Jun 29 2010

Automated Love

Automated Love

Return Path is launching a new mini feature sometime this week to our clients.  Normally I wouldn’t blog about this — I think this is mini enough that we’re probably not even saying much about it publicly at the company.  But it’s an interesting concept that I thought I’d riff on a little bit.

I forget what we’re calling the program officially — probably something like “Client Status Emails” or “Performance Summary Alerts” — but a bunch of us have been calling it by the more colorful term “Automated Love” for a while now.

The art of account management or client services for an on-demand software company is complex and has evolved significantly from the old days of relationship management.  Great account management now means a whole slew of new things, like Being The Subject Matter Expert, and Training the Client.  It’s less about the “hey, how are things going?” phone call and more about driving usage and value for clients.

As web services have taken off, particularly for small businesses or “prosumers,” most have built in this concept of Automated Love.  The weekly email from the service to its user with charts, stats, benchmarks, and links to the web site, occasionally with some content or blog posts.  It’s relatively easy (most of the content is database driven), it reminds customers that you’re there, working on their behalf in the background, it tells them what happened on their account or how they’re doing, it alerts them to current or looming problems, and it drives usage of your service.  As a bonus for you internally, usually the same database queries that produce a good bit of Automated Love can also alert your account management team when a client’s usage pattern of your service changes or stops entirely.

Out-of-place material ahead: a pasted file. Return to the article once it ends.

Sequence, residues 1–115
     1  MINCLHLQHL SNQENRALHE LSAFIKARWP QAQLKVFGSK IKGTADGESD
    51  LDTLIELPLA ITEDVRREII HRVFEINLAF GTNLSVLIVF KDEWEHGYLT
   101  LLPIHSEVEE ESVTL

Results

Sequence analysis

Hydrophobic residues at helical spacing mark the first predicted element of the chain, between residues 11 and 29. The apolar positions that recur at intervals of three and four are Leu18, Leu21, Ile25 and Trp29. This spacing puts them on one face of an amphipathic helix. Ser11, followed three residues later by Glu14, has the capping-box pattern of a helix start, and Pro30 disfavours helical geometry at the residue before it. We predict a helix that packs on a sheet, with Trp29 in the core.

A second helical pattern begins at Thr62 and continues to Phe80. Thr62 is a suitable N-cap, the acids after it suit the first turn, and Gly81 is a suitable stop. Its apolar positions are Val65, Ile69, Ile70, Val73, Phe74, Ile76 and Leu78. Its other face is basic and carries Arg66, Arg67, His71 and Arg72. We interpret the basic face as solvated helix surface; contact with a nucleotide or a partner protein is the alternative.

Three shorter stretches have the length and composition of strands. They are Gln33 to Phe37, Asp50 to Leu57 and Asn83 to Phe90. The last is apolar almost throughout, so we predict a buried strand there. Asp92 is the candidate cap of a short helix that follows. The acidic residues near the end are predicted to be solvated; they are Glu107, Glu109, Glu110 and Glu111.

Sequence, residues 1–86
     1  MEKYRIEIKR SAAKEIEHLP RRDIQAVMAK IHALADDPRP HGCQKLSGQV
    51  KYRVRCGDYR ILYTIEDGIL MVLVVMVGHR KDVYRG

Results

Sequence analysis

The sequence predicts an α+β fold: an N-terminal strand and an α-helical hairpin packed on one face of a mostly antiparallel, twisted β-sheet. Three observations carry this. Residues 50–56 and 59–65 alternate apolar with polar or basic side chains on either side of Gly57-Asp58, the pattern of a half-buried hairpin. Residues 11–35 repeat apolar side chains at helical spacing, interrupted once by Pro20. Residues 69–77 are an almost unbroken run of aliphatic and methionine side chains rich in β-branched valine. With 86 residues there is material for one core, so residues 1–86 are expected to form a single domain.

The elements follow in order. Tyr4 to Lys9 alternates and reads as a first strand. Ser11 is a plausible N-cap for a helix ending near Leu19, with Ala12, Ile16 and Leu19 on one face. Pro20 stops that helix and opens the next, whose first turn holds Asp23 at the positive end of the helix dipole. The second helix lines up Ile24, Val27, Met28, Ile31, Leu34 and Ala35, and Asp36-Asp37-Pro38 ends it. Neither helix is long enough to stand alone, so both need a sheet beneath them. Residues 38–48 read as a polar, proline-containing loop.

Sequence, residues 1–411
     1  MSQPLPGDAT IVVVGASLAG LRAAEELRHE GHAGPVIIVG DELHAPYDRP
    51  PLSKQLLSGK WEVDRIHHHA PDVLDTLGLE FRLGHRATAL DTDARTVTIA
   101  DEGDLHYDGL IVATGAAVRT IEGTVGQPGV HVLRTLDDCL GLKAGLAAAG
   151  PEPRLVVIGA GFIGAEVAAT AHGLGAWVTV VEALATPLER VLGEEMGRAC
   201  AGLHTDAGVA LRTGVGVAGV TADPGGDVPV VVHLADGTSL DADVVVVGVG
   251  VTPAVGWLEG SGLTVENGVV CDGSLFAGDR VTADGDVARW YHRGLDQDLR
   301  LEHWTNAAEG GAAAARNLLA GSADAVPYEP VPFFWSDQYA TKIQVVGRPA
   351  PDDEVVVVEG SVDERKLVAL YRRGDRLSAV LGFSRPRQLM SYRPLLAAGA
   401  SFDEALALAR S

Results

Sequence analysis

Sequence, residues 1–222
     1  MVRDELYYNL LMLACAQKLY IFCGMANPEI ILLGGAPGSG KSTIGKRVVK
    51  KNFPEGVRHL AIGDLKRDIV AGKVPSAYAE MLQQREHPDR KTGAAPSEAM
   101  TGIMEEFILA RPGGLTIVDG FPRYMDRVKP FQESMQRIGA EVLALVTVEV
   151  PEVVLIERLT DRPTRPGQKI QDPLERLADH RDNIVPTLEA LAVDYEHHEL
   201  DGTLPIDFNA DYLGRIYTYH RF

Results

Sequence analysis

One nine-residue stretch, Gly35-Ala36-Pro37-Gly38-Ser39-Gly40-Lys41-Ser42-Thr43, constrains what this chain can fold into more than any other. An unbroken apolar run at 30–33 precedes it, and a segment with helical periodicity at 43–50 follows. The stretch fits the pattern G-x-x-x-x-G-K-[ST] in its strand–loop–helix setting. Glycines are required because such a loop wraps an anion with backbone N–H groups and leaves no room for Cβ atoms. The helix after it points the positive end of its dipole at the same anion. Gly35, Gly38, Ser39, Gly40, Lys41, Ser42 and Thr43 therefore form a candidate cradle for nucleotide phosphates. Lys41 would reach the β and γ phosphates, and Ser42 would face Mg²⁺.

While some businesses with low values of any single customer value can probably get away with having a client service function based ENTIRELY on Automated Love, I think any business with a web service MUST have Automated Love as a component of its client service effort.